Arínzano Extra Virgin Olive Oil, of a 100% Arbequina variety, has a pleasantly smooth and elegant flavor at the beginning, which will end in a delicate, slightly almond-shaped, spicy finish with hints of green apple and a fresh and green aroma of the olive in its optimum point of maturation.

Tasting sheet


The special edaphoclimatic conditions of the production area (limestone soils, dry and sunny climate and strong thermal oscillations between day and night in the ripening period); and the need to harvest early to avoid the frost period, determine the low degree of maturity with which the olive is collected. All this makes the Navarra oil have a unique flavor and characteristics that differentiate it from other varieties on the peninsula.


Along with the Arróniz variety, the Navarra oil also includes the Empeltre and Arbequina varieties that provide the fruity aromas of almond and apple that are so pleasant on the palate and that characteristic deep yellow hue.


The extraction is carried out exclusively by mechanical procedures or by other physical procedures that do not produce alteration of the oil, preserving the flavor, aroma and characteristics of the fruit from which it comes. Extra virgin olive oil from Navarra is characterized by medium to intense fruitiness and a characteristic bitterness, less sweet than those produced in latitudes further south in Spain.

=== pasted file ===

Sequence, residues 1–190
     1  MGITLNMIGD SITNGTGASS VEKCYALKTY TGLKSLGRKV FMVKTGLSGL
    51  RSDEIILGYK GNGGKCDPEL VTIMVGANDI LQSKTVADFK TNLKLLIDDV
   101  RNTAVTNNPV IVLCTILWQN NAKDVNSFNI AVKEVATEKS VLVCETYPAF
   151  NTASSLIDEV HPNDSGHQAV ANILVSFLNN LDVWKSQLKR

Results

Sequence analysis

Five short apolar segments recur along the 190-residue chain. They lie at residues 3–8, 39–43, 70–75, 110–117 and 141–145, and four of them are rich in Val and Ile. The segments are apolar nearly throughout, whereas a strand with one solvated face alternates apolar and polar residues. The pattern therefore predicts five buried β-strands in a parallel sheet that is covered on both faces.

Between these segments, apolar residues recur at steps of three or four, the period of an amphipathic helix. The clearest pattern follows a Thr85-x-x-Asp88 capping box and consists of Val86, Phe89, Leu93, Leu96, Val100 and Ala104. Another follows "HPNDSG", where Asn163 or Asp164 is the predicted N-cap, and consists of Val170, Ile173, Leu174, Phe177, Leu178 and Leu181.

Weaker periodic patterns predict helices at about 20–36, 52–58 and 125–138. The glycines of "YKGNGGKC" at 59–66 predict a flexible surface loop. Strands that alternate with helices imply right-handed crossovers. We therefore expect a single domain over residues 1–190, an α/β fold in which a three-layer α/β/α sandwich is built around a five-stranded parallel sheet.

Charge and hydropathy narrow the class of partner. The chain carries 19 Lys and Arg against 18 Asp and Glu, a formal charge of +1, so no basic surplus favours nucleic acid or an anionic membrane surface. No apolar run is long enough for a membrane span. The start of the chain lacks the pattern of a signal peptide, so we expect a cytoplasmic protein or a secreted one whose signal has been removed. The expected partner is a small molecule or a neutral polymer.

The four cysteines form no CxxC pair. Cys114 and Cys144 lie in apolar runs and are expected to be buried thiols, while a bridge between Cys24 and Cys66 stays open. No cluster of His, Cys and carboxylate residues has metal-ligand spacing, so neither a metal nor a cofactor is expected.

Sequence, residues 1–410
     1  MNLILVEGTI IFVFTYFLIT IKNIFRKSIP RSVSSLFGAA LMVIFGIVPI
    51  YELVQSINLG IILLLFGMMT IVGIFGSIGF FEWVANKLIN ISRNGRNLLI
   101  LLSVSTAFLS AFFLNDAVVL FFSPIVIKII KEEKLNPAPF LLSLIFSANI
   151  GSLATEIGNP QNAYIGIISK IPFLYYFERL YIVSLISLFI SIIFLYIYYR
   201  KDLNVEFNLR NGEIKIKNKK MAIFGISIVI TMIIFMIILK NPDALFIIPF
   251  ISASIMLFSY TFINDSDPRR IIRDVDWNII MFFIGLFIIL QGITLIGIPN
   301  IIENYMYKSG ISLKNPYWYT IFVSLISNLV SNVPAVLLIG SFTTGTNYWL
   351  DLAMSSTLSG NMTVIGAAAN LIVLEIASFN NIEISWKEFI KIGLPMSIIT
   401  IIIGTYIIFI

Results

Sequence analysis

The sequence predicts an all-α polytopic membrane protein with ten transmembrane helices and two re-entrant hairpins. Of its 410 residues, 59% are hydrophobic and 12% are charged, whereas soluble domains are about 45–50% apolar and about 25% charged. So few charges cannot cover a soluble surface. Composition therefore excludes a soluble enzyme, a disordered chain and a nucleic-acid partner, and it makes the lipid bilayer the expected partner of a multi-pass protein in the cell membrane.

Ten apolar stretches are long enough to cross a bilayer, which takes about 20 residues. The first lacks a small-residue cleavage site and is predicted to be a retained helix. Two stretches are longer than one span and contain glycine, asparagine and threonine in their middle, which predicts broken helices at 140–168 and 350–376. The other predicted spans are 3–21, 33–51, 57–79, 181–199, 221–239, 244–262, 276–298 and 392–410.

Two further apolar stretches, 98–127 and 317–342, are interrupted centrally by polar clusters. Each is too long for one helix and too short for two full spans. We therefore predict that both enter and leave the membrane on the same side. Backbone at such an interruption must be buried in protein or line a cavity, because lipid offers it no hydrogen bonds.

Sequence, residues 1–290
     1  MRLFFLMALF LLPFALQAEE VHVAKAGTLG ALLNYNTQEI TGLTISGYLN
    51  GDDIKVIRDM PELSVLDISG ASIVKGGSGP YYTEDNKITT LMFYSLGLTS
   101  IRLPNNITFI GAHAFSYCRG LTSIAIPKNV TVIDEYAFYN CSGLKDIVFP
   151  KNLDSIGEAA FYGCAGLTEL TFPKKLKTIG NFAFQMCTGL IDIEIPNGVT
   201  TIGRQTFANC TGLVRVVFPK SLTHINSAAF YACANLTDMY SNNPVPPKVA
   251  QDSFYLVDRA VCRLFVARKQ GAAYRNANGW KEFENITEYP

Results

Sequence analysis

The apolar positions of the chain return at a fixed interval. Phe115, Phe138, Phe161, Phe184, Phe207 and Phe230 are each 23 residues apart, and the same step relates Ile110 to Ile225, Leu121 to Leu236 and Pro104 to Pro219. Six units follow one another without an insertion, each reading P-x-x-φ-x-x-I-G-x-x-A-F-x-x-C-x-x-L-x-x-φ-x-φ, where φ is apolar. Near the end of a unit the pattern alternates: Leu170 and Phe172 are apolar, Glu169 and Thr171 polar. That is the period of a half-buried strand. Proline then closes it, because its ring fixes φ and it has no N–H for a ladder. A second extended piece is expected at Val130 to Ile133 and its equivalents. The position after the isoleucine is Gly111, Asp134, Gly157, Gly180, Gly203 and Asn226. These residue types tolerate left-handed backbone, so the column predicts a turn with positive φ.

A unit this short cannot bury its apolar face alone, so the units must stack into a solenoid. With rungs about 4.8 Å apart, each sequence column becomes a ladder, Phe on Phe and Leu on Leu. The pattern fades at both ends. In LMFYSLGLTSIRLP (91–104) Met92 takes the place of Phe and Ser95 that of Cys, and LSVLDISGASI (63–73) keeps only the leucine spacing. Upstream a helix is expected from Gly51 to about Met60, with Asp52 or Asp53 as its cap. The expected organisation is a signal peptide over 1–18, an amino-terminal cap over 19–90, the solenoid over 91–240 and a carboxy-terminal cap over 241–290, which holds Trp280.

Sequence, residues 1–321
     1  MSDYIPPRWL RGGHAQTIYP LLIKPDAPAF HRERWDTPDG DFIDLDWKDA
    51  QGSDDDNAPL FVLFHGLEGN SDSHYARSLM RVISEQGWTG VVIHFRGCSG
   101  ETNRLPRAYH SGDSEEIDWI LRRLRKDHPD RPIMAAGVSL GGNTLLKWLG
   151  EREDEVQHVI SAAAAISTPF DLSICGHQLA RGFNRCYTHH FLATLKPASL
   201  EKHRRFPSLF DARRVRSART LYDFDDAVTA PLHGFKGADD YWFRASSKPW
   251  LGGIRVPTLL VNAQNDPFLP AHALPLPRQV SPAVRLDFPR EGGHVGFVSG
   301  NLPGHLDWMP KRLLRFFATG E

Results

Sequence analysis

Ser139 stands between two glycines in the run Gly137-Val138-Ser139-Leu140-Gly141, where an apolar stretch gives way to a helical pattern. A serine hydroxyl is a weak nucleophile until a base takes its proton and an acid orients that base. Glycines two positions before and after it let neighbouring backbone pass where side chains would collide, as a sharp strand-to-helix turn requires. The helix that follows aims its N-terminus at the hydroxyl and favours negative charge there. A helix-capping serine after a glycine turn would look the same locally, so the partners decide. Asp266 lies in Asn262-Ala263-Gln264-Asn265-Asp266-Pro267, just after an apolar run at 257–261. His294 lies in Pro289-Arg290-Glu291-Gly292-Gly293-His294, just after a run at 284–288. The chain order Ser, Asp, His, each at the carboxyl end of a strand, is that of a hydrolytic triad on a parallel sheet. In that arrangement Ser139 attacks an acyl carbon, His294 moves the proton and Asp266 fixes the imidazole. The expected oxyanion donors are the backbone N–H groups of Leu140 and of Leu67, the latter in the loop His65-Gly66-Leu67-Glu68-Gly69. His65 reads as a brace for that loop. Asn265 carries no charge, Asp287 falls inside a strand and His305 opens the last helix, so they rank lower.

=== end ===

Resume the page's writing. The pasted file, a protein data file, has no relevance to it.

Additional information

Weight 1.5 kg

Navarra Oil is the oil that is produced further north in Spain and Europe. A product with two thousand years of history, which since the time of the Romans was part of our diet and our cuisine.

The origin and history based on the archaeological remains found in Navarra, date back more than 2,000 years. After contact with the towns that reached the peninsula, the cultivation of olive and olive trees was introduced to manufacture the precious food. It is said that it was the Punics, Greeks and Phoenicians who introduced olive cultivation to the Iberian Peninsula around the 4th century BC. C. Phoenicians and Romans popularized it, taking advantage of the possibilities of the Navarrese climate.

The Romans used it both for food and for lighting, heating and body care in the thermal baths. And the Arabs perfected the production processes, including the use of the mill and extended and refined the techniques of olive cultivation throughout the Iberian lands. Since then, this system for obtaining oil has not changed much.